A: I love working with actors that want to venture out into new territories they haven’t yet explored as an actor. Both are fantastic actors and I knew that they would have a unique take on these characters. My favorite part of directing is when an actor comes in with a bunch of ideas for the characters they are going to play. That injection of new ideas, new approaches, continues to keep the story/script fresh. It allows the film to unfold itself in new and interesting ways. We’re always striving to create something unique and unpredictable for the viewing audience. I felt that Alice & Alex delivered that in spades.
Q: The film deals with issues about how one’s past could come back to haunt you no matter how far one tries to hide from the world.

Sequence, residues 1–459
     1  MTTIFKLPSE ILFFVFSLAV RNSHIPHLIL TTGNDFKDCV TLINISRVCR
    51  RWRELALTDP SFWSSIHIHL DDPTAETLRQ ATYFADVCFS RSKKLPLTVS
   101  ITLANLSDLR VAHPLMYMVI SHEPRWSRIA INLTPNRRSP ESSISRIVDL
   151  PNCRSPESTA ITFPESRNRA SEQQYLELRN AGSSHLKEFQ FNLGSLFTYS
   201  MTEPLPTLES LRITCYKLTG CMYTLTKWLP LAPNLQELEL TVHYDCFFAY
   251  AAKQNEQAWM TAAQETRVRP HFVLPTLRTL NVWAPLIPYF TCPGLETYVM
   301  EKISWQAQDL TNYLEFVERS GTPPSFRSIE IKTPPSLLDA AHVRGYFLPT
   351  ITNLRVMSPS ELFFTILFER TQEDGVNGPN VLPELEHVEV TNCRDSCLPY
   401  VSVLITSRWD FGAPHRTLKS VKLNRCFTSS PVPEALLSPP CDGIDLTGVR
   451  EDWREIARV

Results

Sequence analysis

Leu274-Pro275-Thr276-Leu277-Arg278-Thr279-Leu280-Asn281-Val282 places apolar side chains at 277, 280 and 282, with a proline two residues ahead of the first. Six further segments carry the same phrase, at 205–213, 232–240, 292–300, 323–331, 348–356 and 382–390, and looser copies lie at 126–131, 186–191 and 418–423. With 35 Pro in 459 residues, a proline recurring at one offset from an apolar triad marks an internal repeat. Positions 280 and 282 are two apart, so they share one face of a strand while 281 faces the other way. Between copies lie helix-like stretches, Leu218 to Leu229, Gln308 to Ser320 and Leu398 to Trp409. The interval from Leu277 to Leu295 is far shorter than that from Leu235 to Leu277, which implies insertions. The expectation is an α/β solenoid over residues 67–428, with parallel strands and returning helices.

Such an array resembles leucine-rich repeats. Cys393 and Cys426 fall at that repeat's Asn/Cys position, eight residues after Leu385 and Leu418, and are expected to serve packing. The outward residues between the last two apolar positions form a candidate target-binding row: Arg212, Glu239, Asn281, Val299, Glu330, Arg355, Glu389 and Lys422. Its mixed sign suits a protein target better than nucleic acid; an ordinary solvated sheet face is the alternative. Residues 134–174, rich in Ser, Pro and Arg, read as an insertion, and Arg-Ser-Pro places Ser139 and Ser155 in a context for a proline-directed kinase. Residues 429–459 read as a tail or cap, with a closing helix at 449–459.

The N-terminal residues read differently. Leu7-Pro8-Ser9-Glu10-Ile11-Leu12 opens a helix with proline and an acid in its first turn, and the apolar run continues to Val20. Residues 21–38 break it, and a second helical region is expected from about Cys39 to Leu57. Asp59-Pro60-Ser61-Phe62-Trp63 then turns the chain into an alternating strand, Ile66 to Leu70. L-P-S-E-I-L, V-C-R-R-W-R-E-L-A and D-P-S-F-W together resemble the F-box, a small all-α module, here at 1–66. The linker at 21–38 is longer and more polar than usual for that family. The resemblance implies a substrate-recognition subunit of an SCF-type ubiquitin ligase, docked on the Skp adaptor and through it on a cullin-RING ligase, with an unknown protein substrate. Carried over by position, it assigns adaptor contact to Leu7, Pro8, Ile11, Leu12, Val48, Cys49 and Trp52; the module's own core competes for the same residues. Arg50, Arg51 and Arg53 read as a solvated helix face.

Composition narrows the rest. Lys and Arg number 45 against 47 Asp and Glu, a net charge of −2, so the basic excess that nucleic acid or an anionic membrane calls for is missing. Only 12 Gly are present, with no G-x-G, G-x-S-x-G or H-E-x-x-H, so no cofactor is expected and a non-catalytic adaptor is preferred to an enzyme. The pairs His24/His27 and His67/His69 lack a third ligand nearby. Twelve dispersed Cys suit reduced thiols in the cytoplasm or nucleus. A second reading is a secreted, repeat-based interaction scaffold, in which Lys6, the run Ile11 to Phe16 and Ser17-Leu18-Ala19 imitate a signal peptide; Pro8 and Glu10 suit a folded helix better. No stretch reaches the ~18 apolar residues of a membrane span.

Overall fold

A: The central theme of the film is “truth”. The farther we stray from our own the more our soul decays into misery. Mistakes from our past haunt our present. If we leave unchecked those mistakes will ultimately shape our future. But it’s never too late to course correct, it’s never too late to change our own narrative to unlock a future that honors our own inner truth. Shakespeare said it best, “to thine own self be true.”
Q: What are some of your cinematic inspirations for this film?
A: The Conversation. No Country for Old Men. All the President’s Men.
Q: Lastly, what are some of the challenges you faced while making this? By the same token, what are some of your favorite memories on set?
A: Our greatest challenge was time. You never have enough time when making a film. My favorite memory on set was working with Guy. The level of playfulness we had constructing this crazy narrative with Bruce Cogburn is one that I’ll never forget.
Thank you, Andrew Hunt for this insightful interview!
Have you seen this movie? I’d love to hear what you think!